There has been a steady and substantial succession of time since my tender formative early childhood years, enough time for my father to accrue the distinctive crankiness of men his age. He has firmly adhered this quality to his characteristic wry cynicism, both traits provoked by, or quite possibly exploded from, the storm of  my adolescence. Despite the havoc that was to come (more on that later) I can say without hesitation that I had a truly happy childhood. Many of my earliest and most cherished memories would not exist if it were not for my doting and enthusiastic dad. Though my father’s superior intelligence and impatience causes him to find many people insufferable, he has always had a soft spot for children. He just has an easy way with kids that causes them to migrate towards him. He is funny but not in that condescending way that adults tend to be with children, he is animated, he is creative, he is athletic. As a child, he was always finding new activities for my sister and I to do, always teaching us new things. Tobogganing, ice skating, tennis, badminton, bike riding, hiking. My dad was a teacher with summers off, and though he liked to golf and play tennis, he always had lots of time for his two little girls. He would take us to the library and to the movies, we would go camping and swimming. My dad was my hero, I thought he was the smartest, strongest, handsomest man in the whole world. I wanted to be just like him when I grew up, so much so that I would follow him around the house and mimic his routine. I wanted to shave like him, so he would give me a razor like his with no blade and put shaving cream on it, and we would shave together in the mirror. I remember telling my mom once that I was going to marry my dad, and being upset when she informed me that I couldn’t (as he was already married, she didn’t see to think it was a problem that he was my father). Thankfully by the time they divorced I had moved on.


As a little girl I just assumed that everyone’s dad was like mine, but looking back I realize that this wasn’t the case. I had an especially great dad. He was beyond involved in our lives and always there without hesitation or prompting, always enthusiastic to spend time with my sister and I and even our friends, and at least in my memory, the activities that we did together were enjoyed all of us. I contrast this with many of my friends fathers, who on the rare occasion they happened to be around, were sullen and quiet, or clearly thought taking us places was a chore they were forced to endure, and I realize how lucky I was.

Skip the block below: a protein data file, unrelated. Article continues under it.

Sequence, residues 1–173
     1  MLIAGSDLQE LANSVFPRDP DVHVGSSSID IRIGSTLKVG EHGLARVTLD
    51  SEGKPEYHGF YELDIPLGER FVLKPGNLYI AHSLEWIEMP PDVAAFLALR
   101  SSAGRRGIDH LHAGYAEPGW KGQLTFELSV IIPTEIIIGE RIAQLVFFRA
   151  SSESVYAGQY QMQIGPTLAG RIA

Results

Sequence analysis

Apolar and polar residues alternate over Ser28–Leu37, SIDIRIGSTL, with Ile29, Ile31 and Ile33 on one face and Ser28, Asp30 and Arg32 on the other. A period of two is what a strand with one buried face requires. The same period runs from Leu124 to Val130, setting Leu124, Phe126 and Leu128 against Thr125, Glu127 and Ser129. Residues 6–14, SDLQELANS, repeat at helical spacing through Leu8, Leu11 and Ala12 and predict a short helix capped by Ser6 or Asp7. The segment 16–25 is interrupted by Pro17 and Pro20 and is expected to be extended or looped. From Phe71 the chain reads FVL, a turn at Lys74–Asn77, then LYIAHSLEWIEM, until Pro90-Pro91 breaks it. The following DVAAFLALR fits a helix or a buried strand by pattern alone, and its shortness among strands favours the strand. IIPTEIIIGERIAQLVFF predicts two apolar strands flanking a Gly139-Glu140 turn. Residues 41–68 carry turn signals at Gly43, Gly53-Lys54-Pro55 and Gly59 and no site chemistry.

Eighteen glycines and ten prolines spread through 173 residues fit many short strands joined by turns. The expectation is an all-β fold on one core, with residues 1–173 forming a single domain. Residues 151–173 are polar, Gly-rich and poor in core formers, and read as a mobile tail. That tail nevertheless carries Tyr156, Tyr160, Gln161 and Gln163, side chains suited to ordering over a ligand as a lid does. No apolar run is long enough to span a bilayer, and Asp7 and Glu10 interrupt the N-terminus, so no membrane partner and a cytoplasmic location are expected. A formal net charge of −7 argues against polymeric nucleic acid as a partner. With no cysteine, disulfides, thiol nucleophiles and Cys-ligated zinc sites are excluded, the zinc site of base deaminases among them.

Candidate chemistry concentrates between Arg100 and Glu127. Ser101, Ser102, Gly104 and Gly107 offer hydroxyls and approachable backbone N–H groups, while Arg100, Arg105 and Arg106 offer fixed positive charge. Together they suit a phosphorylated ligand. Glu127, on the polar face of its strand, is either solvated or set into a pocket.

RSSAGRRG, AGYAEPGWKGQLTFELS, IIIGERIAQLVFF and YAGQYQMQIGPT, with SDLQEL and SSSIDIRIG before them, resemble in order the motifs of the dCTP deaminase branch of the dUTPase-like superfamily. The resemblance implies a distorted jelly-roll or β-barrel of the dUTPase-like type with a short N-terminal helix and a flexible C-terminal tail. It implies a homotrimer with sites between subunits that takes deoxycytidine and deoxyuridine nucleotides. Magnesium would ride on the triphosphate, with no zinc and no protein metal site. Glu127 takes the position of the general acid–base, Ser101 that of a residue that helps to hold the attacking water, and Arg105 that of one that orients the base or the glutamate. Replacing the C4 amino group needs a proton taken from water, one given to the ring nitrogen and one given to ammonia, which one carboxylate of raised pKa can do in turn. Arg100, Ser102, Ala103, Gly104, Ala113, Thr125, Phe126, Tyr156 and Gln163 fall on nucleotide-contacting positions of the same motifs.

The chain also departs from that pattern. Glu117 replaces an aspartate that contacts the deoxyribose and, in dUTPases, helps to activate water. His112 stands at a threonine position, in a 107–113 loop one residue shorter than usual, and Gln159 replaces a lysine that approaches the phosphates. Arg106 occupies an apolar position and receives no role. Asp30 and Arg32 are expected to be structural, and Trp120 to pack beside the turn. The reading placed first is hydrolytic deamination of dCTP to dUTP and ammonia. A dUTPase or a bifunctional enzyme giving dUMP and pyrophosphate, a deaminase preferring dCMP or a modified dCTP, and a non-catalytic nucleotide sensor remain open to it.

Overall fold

When I was in Grade 3 my parents decided to divorce. They were very civil about it, it was probably the most amicable divorce in the history of the world, at least from a child’s perspective. I hardly ever heard my parents fight, so when they told me they were divorcing it came as quite a shock. I remember my dad sitting on the bed in my parents room telling me that he was moving out, and I remember my heart breaking. I remember hating my mother. I didn’t hate my dad, at least not then. I didn’t start hating him until I was a teenager. My parents were very insistent that they wanted the divorce to affect us as little as possible, so they resolved that there be as little change in our lives as possible. This meant that my mother and father communicated ardently about everything. If I was punished at my mothers, I was punished at my fathers. No pulling any fast ones. Also, for the first couple of years at least, the two of them decided it would be best for us children if we continued to celebrate holidays together as a family. They even went in together on presents. So divorce for us kids meant all of the psychological damage and none of the rewards like double the gifts at christmas. It was shit.

I have alluded to my adolescence above. Well, these years were particularly hard for my dad. I think it all started to go downhill the day I got my period. It happened, of course, on the Friday before I was to go to my dads for the weekend. I begged to stay home but my mother disagreed that menstruation was a disease and sent me anyway. She refused to let me take her feminine supplies (something about teaching my dad a lesson) and instead sent the two of us to the store. This is how my dad and I ended up in The Real Canadian Superstore, in the personal hygiene aisle, perched awkwardly on the edge of my womanhood. “Sooo….See anything you like?” says my dad. I want to melt into the linoleum. I frantically scan the 100 pink packages in front of me. Finally I see one that looks somewhat familiar, I think I recognize the brand as the ones my mom uses. I point and run out of the store back to the safety of the car. Safe. I wait. 10 minutes later I watch my dad walking out of the store, swinging the the box of pads like a big pink sign that screams “HELLO, MY DAUGHTER JUST GOT HER FIRST PERIOD!” He gets in the car. “You couldn’t have gotten a bag??” I screech, giving my best teenage wail. “Pay for a bag? It’s just one item!” My dad says. And that was that. We drive home. The box of pads sits between us on the drive home, but we don’t talk about it, it’s the elephant in the room. I didn’t know then that it was a foreshadowing of the many bigger things that would be left unmentioned between us in the years to come.